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In my home some small jumping spiders as well as those small spiders with long legs hanging from from spider net are there. My cat stalks and eats them. The process goes on for half an hour. She slowly keeps on injuring and eating the spiders.

The spiders are poisonous so is it safe for my cat to be doing this? If it is not then how can I stop her?

Location - India, Kolkata

  • They are venomous (there's a difference) and mostly harmless to larger creatures. There's very few, actually dangerous spider species – Journeyman Geek Feb 25 '18 at 22:42
  • It depends on what type of spiders she's chasing. If there are black widows in your area, for example, and she decides to go after one, she could be in a lot of trouble. Most spiders, however are not poisonous and will cause no harm. – Reinstate Monica Feb 26 '18 at 3:57
  • Location / geography is very important to answer this question. Can you update with country / area? – Flummox - don't be evil SE Feb 26 '18 at 8:33
  • if your cat avoids getting bitten but eat the spider the toxins will be broken down by the acid in the stomach in most cases. – trond hansen Feb 26 '18 at 8:57
  • If it is so then why does human die on ingesting poison? – Sonevol Feb 26 '18 at 11:47
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Spiders are typically venomous not poisonous. The good news is for most part, most common spiders probably cannot hurt a cat, and while I can't really find an academically rigorous source, I can't find any stories of this being dangerous.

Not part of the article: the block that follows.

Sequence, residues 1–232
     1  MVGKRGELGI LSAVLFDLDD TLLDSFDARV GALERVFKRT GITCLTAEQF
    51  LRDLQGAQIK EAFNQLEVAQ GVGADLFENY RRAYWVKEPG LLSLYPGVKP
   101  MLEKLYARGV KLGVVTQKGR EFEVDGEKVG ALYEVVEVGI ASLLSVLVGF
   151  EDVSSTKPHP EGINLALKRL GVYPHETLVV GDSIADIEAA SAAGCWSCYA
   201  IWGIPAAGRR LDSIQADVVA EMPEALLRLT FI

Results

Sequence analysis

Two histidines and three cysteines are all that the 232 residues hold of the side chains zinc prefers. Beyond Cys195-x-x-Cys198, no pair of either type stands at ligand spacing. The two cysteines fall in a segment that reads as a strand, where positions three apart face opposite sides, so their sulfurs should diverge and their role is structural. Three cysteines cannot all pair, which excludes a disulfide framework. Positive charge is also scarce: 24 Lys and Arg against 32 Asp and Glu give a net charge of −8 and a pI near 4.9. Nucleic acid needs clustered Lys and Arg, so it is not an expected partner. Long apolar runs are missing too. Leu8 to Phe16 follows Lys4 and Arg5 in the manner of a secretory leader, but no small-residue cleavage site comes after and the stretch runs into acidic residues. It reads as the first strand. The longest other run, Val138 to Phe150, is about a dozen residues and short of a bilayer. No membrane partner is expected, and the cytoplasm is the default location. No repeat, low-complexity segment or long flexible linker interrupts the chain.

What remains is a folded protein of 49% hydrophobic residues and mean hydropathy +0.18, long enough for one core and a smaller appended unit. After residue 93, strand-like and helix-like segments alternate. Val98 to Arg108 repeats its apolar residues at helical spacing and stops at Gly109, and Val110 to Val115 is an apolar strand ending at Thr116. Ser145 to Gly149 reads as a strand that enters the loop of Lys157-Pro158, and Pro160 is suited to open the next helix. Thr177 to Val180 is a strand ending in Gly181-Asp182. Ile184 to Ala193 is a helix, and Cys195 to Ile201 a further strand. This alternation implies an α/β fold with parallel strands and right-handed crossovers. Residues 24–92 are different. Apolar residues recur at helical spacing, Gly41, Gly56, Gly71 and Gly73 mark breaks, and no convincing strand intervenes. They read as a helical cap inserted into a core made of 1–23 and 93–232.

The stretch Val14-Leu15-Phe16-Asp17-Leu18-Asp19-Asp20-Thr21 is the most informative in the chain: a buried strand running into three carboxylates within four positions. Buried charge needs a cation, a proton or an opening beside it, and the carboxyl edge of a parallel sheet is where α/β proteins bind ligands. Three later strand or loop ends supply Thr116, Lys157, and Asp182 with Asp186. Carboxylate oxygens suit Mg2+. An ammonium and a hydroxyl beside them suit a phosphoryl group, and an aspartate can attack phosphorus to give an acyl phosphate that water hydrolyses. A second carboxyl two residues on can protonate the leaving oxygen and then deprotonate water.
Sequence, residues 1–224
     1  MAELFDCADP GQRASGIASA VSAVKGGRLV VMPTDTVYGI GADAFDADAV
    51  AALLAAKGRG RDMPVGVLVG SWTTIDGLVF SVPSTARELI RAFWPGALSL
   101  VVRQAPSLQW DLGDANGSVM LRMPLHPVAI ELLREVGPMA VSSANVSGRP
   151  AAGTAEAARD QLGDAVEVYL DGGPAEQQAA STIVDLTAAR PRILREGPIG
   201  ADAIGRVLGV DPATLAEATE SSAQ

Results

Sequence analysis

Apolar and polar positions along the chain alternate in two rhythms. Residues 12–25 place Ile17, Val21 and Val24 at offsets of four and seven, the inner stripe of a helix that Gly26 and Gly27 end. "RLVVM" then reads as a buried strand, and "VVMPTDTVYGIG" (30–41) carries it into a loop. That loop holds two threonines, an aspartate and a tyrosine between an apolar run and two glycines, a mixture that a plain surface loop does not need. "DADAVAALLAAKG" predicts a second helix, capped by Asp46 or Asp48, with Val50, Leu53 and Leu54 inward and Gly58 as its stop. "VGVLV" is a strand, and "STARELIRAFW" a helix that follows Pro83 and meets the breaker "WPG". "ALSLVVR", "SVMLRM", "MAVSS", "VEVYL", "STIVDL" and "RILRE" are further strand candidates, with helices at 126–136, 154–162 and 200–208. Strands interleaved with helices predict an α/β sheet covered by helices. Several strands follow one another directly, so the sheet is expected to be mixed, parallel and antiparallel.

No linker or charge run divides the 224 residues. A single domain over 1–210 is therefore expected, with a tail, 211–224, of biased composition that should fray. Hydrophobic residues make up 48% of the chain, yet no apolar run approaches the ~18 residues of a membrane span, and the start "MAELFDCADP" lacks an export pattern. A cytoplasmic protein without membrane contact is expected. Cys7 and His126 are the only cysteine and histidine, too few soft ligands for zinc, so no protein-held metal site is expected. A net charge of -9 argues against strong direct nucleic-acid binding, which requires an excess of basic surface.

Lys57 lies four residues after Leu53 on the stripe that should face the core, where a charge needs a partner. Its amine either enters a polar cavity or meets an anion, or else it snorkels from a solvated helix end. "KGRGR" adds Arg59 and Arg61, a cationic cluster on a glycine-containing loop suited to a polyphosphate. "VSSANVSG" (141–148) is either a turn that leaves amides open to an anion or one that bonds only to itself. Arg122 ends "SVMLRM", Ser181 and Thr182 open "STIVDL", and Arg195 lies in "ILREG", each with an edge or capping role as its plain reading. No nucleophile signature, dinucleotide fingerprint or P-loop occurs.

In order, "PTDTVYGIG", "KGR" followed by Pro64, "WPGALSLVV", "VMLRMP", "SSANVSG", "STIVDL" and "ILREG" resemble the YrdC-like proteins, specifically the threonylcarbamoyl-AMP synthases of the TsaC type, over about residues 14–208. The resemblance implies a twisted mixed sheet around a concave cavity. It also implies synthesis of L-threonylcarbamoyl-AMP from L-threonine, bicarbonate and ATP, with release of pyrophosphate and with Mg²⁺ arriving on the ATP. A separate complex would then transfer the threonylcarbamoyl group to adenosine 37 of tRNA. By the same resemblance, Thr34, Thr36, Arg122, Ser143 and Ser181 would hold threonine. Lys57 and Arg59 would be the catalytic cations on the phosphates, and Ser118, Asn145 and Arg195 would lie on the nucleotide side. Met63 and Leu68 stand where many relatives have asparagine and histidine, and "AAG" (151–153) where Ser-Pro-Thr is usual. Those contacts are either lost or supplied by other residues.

Its worth looking at a few things - whether there's generally dangerous spiders in your region. The spider bites wikipedia page and this site on cats, would suggest its mostly spiders that would be dangerous to people too. If you have, say wild tarantulas, or tunnel webs... well you'd want to be a little bit more careful.

From your description - we're talking some variety of daddy long legs - which contrary to popular belief are not venomous at all. I cannot find any references to jumping spiders hurting a cat.

Naturally, if you see swelling or your cat seems ill... well, go see a vet.

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  • My main worry is not my cat get bitten as such small spiders doesn't have the capability to bit a cat. My main worry is the spider venom going to cat stomach. – Sonevol Feb 26 '18 at 11:44
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There is a difference between poison and venom. Poison is lethal when touched, swallowed or inhaled. But not venom. For venom to be poisonous it needs to be injected into the blood stream.

Most spiders are venomous and not poisonous.

So the only thing you need to make sure is that the cat has no open wound, mouth or ulcer in stomach through which spider venom can reach blood stream. Otherwise the venom will be broken down by enzymes in the cat's stomach and it will be rendered harmless.

Best thing is not to take any chance. Try to monitor your cat and throw away the kill if it is a spider.

See:

Poison vs. venom: What's the difference? - Rose Eveleth

What would happen if I take snake venom through mouth?

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  • For whatever it is worth, I have seen cats catch bees with their mouths with no apparent flinching or reaction to a sting. I think as long as they chew them up quickly the insect should not be able to sting them. I suppose a cat could get unlucky and manage to get stung/bitten or prick the inside of its mouth with a stinger or the like via chewing, thereby receiving a full or partial dose of the venom. – Beo Feb 27 '18 at 22:14

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